Couldn't agree more there,Knocker.A crackin' wee player,a nippy little bugger.Can,t understand why he had so few Scottish caps.(Pedestrian crossing---The wee green man!)Tormentor of many defenders.(I'm a blue nose)-ANOTHER GREAT,--gone.--SAD.(Davey Cooper.There was a shock) MR DOUR,(Jock Stein) compiled a fair crowd in his time,and appeared to be badly treated by the Celtic directorship in the end-That's footie!
I've always been a blue nose, but we used to live right by Parkhead so used to go to the Celtic games and get a liftie to get in for free. Always remember jumping up and down like a maddy in the jungle as Jinky let 1 rip. Oh to be 10 again.
LIFTIE-- my Dad used to "LIFT ME IN " at Ibrox,and often youl'd get some ned asking for a lift over"!.Mr. --gie'us a lift"----"Christ son,yer bigger than me,you gie ME a lift"---They would hop ower anyway,or come up from the railway --and all those "empty" bottles that wee boys would collect (suppin' the dregs--Piss)-uughhh!-Times gone by(thank fcuk)I think the stand cost about 3/6--5 .bob.--Luxury.The invalid,3 wheeler cars,and loads of wee,one legged,or one armed 1st ww vets,--all sadly now gone
Major send off today for the wee man.(as befitted his unmatched dribbling skills)Awra best,frae a blue nose.Pedestrian crossings will forever remind me of Jinky(The wee green man)--Don't think those S of the border appreciated how famous he was,made main news.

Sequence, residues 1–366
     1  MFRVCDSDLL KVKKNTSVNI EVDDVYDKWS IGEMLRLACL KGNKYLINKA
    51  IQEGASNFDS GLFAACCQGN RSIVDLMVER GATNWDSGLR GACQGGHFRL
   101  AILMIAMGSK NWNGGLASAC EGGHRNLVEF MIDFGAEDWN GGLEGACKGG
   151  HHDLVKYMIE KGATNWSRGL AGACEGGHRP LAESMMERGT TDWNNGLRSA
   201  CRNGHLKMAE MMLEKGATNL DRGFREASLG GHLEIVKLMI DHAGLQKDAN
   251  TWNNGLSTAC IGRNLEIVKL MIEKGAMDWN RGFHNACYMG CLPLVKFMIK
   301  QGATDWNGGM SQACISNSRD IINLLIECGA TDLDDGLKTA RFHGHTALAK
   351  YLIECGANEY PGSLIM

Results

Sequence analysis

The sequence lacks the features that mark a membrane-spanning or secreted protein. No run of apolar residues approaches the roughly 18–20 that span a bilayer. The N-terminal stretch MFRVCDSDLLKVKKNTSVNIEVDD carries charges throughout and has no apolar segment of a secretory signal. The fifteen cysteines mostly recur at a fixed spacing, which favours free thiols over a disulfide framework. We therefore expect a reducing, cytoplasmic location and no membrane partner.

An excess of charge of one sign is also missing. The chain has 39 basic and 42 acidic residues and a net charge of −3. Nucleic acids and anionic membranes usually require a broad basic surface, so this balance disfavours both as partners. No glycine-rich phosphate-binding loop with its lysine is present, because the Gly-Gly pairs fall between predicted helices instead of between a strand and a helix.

My dads favourite ever Celtic player, and a true genius on the ball, never seen a player torment defenders like that man could, or bounce back from some of the vicious treatment he used to get dished out to him week in week out.My dad used to sing "we've got jimmy jimmy jimmy jimmy johnstone on the wing, on the wing" as a lullaby to me when i was a kid....
And nice to see the treatment he got from both halves of the city...Showing how respected he was as a player, and as a man, pity the BBC didnt think to give it more than 30 seconds of coverage, but even watching that and seeing the send off he got was enough for a "lumpy throat" moment, even the normally divided and somewhat directional Scottish press were unanimous in their praise of him, and the sadness of the passing of one of scotlands finest ever players.